It’s a popular notion that athletes assume the risk of injury, since that is the nature of professional sports. Some states have bought into this concept and leave professional athletes unprotected. In Pennsylvania recently the Courts ruled the Pittsburgh Steelers do not have to pay the attorney fees related to a former player’s workers’ compensation case, because although he clearly suffered injuries while with the team, the team argued he was not “disabled” since he continued to play for other pro teams. Pittsburgh Post Gazzette, April 24, 2012. All pro athletes are covered in Wisconsin.

NFL Concussion Suits Barred by “Exclusive Remedy”? Why can’t I sue my employer?

Today we have a guest post from our colleague Tom Domer or Wisconsin.

We get calls every day from angry injured workers who want to sue their employer for negligence. It could be an employer removing a guard on a machine, a foreman ignoring a safety rule, or an injury caused by an employer’s failure to train an employee. Many employees are genuinely and bitterly disappointed when we explain a worker cannot sue his employer for negligence and that his only “exclusive” remedy is through worker’s compensation.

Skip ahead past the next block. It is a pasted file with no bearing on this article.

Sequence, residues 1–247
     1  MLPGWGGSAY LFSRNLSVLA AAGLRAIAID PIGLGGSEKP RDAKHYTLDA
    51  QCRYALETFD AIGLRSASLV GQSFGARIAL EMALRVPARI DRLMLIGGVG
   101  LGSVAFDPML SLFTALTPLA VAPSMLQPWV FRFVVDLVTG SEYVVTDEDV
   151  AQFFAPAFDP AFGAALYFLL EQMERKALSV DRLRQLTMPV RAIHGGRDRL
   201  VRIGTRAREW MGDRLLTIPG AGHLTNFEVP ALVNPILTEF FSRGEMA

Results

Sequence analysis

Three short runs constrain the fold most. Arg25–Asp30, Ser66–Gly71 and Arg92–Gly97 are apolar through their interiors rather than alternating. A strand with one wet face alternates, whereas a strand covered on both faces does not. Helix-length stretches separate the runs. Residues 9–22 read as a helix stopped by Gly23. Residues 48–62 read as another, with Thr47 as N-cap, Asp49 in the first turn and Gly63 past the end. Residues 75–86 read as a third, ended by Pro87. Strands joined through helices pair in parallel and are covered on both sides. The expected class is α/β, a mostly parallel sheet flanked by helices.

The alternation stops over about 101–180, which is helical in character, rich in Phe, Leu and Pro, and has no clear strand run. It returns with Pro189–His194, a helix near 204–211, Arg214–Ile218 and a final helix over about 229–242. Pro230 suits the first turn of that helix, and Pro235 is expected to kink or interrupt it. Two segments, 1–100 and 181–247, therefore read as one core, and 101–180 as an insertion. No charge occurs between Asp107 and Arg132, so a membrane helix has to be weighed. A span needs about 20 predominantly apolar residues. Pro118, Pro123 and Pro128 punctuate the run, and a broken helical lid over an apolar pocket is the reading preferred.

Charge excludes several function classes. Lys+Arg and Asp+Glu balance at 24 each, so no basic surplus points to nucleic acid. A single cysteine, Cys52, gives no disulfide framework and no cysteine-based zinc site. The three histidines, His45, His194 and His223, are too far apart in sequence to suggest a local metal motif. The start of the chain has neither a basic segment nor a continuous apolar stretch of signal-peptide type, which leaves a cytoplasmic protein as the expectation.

Aaron Rodgers concussionIn liability suits filed by hundreds of former pro football players who suffer from concussion-related injuries, the players claim the league negligently mislead them about the dangers of concussions. Attorneys for the injured players indicate it is likely the NFL will argue that football players should be covered exclusively by worker’s compensation.

The deal cut by employers and workers in Wisconsin in 1911 still stands: Employers give up the right to common law defenses (contributory and co-employee negligence, assumption of risk) for a fixed schedule of benefits; employees give up the right to sue their employer in tort (and to recover tort-like damages) in return for worker’s compensation benefits. No matter how nefarious the employer or Continue reading

Toradol And Intentional Injuries To NFL Football Players

New Orleans Saints BountyI just returned from a yearly meeting of about 50 workers’ compensation lawyers who are approved by the National Football League Players’ Association (NFLPA) to represent NFL players in the workers’ compensation field.  My firm helps the Carolina Panthers players if they need advice or legal representation in a claim, which are rarely made, but are sometimes filed if there is an injury that ends a professional career.